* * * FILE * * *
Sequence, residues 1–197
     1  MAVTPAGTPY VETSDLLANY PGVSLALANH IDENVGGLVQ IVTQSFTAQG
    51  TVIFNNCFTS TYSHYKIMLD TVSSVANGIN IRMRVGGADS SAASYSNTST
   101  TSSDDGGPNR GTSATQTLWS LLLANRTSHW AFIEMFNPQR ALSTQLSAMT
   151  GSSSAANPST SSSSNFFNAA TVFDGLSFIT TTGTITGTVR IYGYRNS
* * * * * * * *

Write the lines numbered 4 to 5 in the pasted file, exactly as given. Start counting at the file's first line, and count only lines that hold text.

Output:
   101  TSSDDGGPNR GTSATQTLWS LLLANRTSHW AFIEMFNPQR ALSTQLSAMT
   151  GSSSAANPST SSSSNFFNAA TVFDGLSFIT TTGTITGTVR IYGYRNS